Pianofortism

2009-08-01 00:00

I WONDER what happened to Otto Krapfhorst? From New Hanover. I dare say old schoolmates from Merchiston will remember him as Meneer Manure, such is the nasty lavatorial humour of small boys, but I remember him as a fellow of most excellent jest from Maritzburg College, a merry smile upon his lips, always seeking a piano on which to play his merry music.

Of course we didn’t have pianos and sissy stuff at College; my sisters at Girls’ High had one on the podium in their main hall and a prefect who was doing sissy music for matric would play a cheerful tune as the pupils drifted in for assembly.

Girls whose birthday it was would have their names read out and everybody would sing to a piano accompaniment Happy Birthday to You, but we would march into the Victoria Hall and a prefect would read The Lord’s Prayer in Latin with a stupid Natal English accent. He didn’t understand a bloody word of what he was reading, of course, and nobody felt improved by it as far as I could see, in fact everybody got more depressed, blood-stained battle flags from Isandlwana hung all about and on a shiny brass plate behind ol’ Froggy Snow the headmaster an inscription explained that this very Victoria Hall had been used for British soldier-boys to survive or die in during the Boer Woer. No piano.

Well we all went our separate ways, as schoolmates do. There was another woer on just then against some Schweinhund with an unBritish moustache and lousy haircut, who hated England nogal, which caused all true-blue red-blooded white Natalians to rush off after matric to find the bastard and kill him.

After matric Otto with family and selected New Hanoverians gathered round a handy piano in the local Bierstube and bust out in jolly song, but his jolly old dad was unwise enough to climb atop this self-same piano when pissed and sing a distasteful song entitled Gott strafe England! which naturally caused the government to drag him off and stick him in an internment camp. Otto unluckily had also turned eighteen that very day, in fact was in the Bierstube to celebrate that event too. Unluckily because, being now officially of military age and, who knows, might go off and join the wrong army, he likewise was dragged off to this camp where he spent the next years practising das Pianofortismus for eight hours a day until he knew every note of every Beethoven sonata off by heart.

Peace again prevailed. Everybody forgave everybody else. All warriors on this side admired all warriors on that.

The king of the British Empire rode round SA in a shiny white train with a shiny blue locomotive, two shiny daughters and a not-so-shiny-any-more queen. They stopped at absolutely every station, and at every station massed school choirs sang songs of welcome and imperial glory.

We ex-warriors of Maritzburg stood to attention outside the city hall and placed our hats over our hearts and shook the King’s hand. The mayor made a speech declaring the Empire would last evermore. Back at the station the assembled schools’ choirs stood to attention on their wooden stands. Centrally stood a piano plus Otto. Potted palms artistically stood outside the toilet entrances. All was ready for fond farewells. The King and Family boarded the Royal Train and stood graciously at the special big open saluting-window, the shiny locomotive sounded its horn, the wheels slowly turned, Otto struck an opening chord and the massed choirs delivered a great crescendo Will ye no come back again....? And it wasn’t until the last coach had disappeared in slow perspective that somebody realised this was the sentimental song of the Stuarts who to this day regard the Windsors as usurpers of the British throne specifically and a bag of shit generally. This song was for Bonny Prince Charlie who fled to France after the Anglo-Saxon frightfulness at Culloden. George VI wasn’t called Our Gracious King for nothing. The fixed smile had not wavered. Why, on one occasion he had met an Afro-US jazzman who thought he was called King as musicians back home were called Duke Ellington, Count Basey, Nat King Cole et cetera. How ya doin’ King? said he. Hey, sharp suit, bro! said he, fingering the lapel of His Majesty’s jacket.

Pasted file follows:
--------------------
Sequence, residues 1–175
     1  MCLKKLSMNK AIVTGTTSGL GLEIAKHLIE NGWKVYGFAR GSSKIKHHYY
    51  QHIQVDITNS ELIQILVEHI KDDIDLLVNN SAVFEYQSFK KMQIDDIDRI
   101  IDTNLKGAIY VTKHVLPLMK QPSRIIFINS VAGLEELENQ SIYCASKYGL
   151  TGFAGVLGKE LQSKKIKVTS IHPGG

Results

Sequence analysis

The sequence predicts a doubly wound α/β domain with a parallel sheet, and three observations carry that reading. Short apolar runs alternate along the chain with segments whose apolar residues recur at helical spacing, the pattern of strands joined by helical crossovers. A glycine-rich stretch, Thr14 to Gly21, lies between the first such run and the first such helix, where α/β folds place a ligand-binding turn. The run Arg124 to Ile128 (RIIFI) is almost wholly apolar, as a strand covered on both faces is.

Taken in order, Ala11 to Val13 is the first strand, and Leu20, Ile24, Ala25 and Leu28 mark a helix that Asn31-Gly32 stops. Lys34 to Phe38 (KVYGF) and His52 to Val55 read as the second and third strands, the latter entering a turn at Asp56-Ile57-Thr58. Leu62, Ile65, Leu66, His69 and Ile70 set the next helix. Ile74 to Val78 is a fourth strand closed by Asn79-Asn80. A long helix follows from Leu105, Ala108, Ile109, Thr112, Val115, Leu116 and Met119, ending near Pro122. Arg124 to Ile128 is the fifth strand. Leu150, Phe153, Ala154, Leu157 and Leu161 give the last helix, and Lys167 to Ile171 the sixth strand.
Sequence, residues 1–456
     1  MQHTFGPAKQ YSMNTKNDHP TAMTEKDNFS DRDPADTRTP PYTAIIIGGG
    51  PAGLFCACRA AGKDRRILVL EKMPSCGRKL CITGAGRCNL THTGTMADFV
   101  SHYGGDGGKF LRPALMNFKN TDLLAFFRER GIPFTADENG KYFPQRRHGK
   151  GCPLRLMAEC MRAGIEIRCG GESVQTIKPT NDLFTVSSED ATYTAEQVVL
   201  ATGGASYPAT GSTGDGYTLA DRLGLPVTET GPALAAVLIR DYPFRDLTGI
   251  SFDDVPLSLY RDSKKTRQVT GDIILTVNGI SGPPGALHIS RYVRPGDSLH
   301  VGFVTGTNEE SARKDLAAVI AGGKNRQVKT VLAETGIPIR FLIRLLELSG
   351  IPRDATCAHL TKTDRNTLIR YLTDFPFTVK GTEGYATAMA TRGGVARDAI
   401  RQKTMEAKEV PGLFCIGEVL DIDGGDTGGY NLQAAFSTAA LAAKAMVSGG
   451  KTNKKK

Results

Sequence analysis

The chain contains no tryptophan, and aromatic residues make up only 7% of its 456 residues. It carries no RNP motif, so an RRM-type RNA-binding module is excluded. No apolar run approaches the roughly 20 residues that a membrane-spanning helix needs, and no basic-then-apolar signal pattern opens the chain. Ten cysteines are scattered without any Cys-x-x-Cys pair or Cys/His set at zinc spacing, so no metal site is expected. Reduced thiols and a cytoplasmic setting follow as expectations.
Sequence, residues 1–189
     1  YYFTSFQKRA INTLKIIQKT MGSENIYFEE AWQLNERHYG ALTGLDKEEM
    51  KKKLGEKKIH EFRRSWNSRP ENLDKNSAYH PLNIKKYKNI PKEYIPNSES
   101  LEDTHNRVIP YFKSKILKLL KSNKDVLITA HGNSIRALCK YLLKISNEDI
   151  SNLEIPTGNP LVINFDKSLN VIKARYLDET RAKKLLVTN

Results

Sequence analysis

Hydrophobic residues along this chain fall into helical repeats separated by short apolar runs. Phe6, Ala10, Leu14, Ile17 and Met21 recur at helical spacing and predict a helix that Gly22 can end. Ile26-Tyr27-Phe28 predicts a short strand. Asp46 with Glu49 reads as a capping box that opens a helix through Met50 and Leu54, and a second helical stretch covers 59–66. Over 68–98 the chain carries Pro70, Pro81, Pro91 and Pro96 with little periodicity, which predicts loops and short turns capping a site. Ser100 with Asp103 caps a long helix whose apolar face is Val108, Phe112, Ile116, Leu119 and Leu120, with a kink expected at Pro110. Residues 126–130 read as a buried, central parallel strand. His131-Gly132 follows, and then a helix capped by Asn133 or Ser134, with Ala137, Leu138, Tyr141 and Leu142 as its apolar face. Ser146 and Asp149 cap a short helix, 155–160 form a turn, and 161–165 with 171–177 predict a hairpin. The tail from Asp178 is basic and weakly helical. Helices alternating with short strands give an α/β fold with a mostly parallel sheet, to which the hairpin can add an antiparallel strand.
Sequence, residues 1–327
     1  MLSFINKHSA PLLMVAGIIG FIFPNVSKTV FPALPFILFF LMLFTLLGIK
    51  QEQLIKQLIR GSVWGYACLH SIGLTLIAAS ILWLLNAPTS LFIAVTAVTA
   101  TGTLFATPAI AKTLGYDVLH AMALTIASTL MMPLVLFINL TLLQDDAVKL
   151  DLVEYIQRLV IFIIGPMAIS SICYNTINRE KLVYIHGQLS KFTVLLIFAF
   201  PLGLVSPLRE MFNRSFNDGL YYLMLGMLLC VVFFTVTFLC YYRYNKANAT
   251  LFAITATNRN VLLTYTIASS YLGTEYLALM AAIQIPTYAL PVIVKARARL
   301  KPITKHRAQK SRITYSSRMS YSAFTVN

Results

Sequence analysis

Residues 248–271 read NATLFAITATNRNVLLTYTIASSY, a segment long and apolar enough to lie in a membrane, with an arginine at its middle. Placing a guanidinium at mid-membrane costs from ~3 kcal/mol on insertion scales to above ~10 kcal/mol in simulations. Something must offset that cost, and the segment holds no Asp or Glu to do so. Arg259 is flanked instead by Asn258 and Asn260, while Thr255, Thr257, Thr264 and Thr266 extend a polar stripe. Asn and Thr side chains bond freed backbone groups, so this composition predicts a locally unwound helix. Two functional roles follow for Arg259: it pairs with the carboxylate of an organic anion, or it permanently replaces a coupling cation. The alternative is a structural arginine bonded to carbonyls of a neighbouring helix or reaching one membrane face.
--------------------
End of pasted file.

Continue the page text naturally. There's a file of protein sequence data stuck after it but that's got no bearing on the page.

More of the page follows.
Of course nobody had thought of telling HM about the choir maestro’s years in the internment camp and Otto too had of course forgotten the bitter old days. After the Royal Tour he had genteel visiting cards printed which he would discreetly leave in the letter-boxes of known piano owners in Maritzburg. Edged in gold and bearing the words:

Octavius von Kräpfenhorst

Pianoforte tuning expertly done

Artistically placed top left was the Lion and Unicorn crest of British Royalty.

This wasn’t fraudulent, of course, since he hadn’t placed the words By Appointment underneath, it was just a token of affection, see, I mean he had played his merry music for British Royalty, hadn’t he?

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